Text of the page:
Locals have been warned to keep an eye on turtles washing up on local beaches, as the recent rains flush out the Peel-Harvey estuary and other marine areas.
Bouvard Coast Care Group and local fauna relocator Alison Dixon shared the information after a Melros resident shared a photo of a baby loggerhead turtle which had washed up on Melros Beach.
“It’s a loggerhead turtle, but there have been reports of hawksbills washing up on shore as well,” Ms Dixon said.
“They could wash up anywhere from the north to the south at this point.”
Ms Dixon said the recent rains had washed a large amount of freshwater from the estuary, while the rising sea temperature was making it more likely the usually subtropical animals would be found further south.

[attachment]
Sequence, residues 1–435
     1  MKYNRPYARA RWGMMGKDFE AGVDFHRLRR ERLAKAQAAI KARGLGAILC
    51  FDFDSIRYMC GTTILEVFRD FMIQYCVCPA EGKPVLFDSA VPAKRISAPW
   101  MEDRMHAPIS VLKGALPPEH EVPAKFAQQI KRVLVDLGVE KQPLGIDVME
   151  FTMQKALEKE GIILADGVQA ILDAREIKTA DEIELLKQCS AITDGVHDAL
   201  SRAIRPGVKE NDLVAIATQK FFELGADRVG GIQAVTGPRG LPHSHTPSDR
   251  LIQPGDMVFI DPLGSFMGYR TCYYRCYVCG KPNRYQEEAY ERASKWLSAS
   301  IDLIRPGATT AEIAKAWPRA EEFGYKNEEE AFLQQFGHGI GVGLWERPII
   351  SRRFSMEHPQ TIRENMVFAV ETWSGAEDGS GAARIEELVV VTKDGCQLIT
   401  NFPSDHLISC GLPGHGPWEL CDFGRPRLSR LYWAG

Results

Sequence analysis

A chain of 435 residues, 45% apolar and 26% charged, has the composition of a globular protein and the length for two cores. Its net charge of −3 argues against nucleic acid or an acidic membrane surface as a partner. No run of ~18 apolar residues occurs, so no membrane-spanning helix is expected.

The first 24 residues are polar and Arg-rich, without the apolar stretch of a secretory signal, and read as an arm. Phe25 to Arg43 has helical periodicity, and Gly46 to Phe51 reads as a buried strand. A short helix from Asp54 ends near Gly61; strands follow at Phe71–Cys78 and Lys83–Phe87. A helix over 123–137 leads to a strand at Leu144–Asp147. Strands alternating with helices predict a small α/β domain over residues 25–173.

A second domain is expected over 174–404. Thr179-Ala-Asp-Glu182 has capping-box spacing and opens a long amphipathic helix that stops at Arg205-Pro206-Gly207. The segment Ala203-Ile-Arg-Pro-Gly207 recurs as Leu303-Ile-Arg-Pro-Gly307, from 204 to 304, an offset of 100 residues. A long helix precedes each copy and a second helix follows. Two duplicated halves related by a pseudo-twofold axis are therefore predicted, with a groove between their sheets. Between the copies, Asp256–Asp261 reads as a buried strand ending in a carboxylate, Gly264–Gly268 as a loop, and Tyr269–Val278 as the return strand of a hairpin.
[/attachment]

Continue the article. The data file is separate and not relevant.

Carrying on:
“In the past it would be very rare to find turtles washing up on the shore down this far,” Ms Dixon said.
“But as sea temperatures rise, the area in which they feed increases, and then with storms like the one we’ve just had, the strong currents push them right out of their habitat.
“It’s a shame, because they end up somewhere where they don’t know where they are, where food is or how to get back. so they end up stranded on the beach.”
Ms Dixon said anyone who finds turtles washed ashore to call her on 0401 314 701 or the Wildcare Helpline on 9474 9055.
Ms Dixon said to only approach beached turtles them if they appear to be in distress, and to keep them in a damp, warm environment while transporting.
“Keeping them warm is their saviour, most deaths on beaches are either from starvation or heat loss," Ms Dixon said.
“And while there’s only been a few babies reported so far, don’t be too surprised if you start seeing some of the bigger fellas washing up.”